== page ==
A Chinese painted grey pottery horse and rider, Shaanxi province. These tomb statues were common for over a thousand years and were to accompany the deceased in the afterlife for those who were affluent.
Western Han dynasty (206 BC-220 AD)
The male groom riding astride a dark horse with well-detailed saddle, standing foursquare, well-modeled with alert ears and flared nostrils. Legs and right haunch show areas of restoration.
The results of the Chinese University of Hong Kong thermoluminescence test, #M291, dated October 24, 2000, are stated to be consistant with the suggested date of manufacture. TL Test included.
Measures: Height 12.7 inches. 32 cm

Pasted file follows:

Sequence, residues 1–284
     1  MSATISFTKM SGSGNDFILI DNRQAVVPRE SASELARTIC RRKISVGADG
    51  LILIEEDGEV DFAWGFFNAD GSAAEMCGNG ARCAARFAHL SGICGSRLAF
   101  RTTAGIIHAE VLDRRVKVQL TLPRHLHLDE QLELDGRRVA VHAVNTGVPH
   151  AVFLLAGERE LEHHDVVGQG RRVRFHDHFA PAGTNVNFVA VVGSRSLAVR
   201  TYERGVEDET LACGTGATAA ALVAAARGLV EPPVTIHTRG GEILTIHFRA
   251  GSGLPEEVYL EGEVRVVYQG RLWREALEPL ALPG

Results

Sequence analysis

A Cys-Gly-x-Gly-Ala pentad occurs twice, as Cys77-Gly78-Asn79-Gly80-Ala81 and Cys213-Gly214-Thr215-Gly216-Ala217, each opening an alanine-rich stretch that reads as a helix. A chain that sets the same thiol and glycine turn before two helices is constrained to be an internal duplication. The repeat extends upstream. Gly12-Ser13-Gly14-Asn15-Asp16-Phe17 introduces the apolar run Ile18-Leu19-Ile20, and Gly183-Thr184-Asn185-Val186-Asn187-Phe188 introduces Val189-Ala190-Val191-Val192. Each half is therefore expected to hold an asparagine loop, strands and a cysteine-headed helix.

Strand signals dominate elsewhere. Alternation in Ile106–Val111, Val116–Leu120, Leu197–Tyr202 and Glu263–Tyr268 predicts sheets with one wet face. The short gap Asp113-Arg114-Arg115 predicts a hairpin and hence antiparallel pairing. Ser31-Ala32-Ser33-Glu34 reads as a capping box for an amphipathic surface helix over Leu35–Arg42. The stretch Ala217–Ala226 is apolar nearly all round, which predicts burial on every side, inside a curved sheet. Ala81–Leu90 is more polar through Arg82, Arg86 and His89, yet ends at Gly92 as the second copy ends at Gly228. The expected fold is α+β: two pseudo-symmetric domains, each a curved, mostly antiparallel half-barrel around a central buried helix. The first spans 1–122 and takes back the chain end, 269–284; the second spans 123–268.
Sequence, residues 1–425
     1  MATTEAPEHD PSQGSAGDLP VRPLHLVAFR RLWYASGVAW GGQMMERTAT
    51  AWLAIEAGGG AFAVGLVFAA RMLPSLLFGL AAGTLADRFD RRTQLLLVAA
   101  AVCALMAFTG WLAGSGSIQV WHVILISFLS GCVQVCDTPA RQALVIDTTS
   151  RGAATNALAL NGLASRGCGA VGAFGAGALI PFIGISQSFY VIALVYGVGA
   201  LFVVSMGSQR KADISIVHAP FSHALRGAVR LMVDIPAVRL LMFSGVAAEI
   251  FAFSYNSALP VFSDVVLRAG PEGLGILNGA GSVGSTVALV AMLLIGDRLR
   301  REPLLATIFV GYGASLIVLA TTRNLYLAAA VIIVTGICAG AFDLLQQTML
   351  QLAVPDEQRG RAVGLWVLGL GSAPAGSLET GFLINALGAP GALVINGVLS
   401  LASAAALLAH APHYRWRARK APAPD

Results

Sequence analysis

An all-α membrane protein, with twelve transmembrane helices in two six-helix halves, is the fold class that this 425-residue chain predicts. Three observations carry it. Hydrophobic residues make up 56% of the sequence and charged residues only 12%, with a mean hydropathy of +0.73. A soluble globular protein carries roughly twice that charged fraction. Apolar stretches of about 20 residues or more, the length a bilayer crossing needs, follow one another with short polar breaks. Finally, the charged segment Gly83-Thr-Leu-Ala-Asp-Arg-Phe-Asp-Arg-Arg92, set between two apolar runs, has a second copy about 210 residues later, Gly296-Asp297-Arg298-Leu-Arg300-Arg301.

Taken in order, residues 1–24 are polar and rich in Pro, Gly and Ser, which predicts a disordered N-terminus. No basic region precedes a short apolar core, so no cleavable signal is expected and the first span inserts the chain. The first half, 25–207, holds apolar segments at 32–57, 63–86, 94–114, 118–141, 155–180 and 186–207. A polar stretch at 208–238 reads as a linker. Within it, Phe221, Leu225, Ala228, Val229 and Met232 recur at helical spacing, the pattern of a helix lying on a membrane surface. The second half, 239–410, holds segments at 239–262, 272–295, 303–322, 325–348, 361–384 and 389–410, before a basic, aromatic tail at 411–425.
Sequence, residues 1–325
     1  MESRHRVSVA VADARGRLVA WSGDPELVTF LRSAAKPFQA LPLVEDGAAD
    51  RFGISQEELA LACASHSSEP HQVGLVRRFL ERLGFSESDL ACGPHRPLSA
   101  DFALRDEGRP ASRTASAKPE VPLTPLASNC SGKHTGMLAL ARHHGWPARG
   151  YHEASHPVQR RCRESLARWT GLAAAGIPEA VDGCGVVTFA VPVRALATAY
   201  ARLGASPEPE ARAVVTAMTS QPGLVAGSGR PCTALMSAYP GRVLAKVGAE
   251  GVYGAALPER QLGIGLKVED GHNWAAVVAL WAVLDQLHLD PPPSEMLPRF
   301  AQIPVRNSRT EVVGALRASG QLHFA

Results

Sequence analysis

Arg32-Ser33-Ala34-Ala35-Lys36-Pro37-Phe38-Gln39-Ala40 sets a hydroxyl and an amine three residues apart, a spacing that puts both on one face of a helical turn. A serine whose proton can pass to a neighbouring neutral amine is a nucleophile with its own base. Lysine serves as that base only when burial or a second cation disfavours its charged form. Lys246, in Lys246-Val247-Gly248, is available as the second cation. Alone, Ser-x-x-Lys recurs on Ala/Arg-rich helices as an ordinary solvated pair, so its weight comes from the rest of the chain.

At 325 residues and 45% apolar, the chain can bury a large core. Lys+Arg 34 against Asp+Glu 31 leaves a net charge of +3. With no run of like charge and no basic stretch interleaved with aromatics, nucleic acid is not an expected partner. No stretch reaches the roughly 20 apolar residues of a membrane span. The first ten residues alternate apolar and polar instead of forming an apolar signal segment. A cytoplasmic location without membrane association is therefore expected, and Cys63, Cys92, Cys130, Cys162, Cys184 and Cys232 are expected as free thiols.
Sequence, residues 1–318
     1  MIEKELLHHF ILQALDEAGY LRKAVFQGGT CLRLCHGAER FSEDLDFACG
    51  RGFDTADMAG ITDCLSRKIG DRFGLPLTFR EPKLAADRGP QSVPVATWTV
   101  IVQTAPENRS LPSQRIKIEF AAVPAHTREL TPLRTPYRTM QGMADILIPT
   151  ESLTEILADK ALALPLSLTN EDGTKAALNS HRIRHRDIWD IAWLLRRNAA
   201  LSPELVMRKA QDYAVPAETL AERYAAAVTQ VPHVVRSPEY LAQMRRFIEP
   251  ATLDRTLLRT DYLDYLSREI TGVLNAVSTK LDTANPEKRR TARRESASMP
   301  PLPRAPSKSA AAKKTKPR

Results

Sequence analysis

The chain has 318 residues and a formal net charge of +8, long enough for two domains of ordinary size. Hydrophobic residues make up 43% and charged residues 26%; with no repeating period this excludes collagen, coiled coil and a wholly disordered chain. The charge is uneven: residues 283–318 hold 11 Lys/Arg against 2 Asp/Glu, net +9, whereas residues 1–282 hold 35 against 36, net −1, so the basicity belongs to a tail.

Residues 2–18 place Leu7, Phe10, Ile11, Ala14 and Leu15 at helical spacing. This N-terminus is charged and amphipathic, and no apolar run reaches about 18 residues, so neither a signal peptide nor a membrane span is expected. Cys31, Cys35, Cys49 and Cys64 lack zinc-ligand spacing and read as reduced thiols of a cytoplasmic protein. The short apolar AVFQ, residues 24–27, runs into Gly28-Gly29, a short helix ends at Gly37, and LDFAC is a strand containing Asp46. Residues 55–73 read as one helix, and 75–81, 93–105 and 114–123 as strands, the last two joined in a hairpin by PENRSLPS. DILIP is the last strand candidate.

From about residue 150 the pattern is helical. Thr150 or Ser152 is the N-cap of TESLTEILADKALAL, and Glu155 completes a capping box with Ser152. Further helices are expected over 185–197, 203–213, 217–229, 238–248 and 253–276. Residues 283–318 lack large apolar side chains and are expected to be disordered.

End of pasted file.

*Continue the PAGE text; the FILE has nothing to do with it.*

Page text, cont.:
Provenance: Arch Angel Antiques, Hong Kong Property of a Virginia collection, acquired from the above, 2000
The Han dynasty was the second imperial dynasty of China (206 BC–220 AD), preceded by the Qin dynasty (221-206 BC) and succeeded by the three kingdoms period (220-280 AD). Spanning over four centuries, the Han period is considered a golden age in Chinese history. To this day, China’s majority ethnic group refers to themselves as the “Han Chinese” and the Chinese script is referred to as “Han characters”. It was founded by the rebel leader Liu Bang, known posthumously as Emperor Gaozu of Han, and briefly interrupted by the Xin dynasty (9-23 AD) of the former Regent Wang Mang. This interregnum separates the Han dynasty into two periods: the Western Han or Former Han (206 BC – 9 AD) and the Eastern Han or Later Han (25-220 AD).